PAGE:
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Facebook: New AI could prevent suicides

Facebook says it has successfully tested a computer program that can help keep users from taking their own lives. The social media network now says it will expand the use of the pattern recognition software to other countries.

In a Facebook post this week, Mark Zuckerberg announced the company is deploying artificial intelligence software that will detect possible suicidal intent among users, which it says it built in consultation with suicide prevention groups. The software will use pattern recognition to identify potentially at-risk individuals, and then alert human Facebook staffers, who will assess the situation and contact emergency responders if needed.

“In the last month alone, these A.I. tools have helped us connect with first responders quickly more than 100 times. With all the fear about how A.I. may be harmful in the future, it’s good to remind ourselves how A.I. is actually helping save people’s lives today,” said Zuckerberg. He also added that with a broader range of controls, content will only be taken down if it is more objectionable than the most permissive options allow. “Within that range, content should simply not be shown to anyone whose personal controls suggest they would not want to see it, or at least they should see a warning first. Although we will still block content based on standards and local laws, our hope is that this system of personal controls and democratic referenda should minimize restrictions on what we can share.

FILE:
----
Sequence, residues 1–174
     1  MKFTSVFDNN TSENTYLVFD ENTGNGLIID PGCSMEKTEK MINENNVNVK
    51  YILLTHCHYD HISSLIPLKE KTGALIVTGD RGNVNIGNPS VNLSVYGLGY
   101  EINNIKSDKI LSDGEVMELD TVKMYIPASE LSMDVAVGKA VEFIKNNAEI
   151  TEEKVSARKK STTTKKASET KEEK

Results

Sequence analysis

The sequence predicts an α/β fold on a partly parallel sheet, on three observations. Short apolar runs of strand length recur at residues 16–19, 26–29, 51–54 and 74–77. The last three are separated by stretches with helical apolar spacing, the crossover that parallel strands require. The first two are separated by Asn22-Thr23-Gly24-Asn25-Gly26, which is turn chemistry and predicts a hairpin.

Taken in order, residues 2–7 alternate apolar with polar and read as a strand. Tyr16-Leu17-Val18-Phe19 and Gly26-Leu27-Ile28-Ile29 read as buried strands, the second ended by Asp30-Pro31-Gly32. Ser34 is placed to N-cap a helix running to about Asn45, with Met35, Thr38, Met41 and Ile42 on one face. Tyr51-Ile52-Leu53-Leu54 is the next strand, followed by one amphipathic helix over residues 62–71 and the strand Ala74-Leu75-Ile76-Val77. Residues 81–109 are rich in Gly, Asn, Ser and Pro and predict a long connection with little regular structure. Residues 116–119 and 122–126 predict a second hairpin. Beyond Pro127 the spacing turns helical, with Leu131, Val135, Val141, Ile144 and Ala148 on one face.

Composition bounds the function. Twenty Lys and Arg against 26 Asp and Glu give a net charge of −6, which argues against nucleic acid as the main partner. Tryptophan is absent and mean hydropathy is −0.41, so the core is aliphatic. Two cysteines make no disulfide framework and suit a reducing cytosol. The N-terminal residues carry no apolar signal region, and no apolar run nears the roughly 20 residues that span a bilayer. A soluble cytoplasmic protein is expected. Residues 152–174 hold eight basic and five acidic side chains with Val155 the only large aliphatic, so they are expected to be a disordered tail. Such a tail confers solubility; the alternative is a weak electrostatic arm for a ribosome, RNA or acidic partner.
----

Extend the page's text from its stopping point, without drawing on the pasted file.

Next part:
Facebook began testing the software in the United States in March. In Europe, however, Facebook won’t be able to offer the service. Strict privacy rules there require that Facebook get express consent from each of its 250 million users in the European Union. New laws coming into effect in 2018 will further restrict the use of AI to give users the right to “insulate themselves from the effect” of Facebook’s new technology.

“We are starting to roll out artificial intelligence outside the US to help identify when someone might be expressing thoughts of suicide, including on Facebook Live,” Guy Rosen, Facebook’s vice president of product management, said in a blog post. “This will eventually be available worldwide, except the EU.”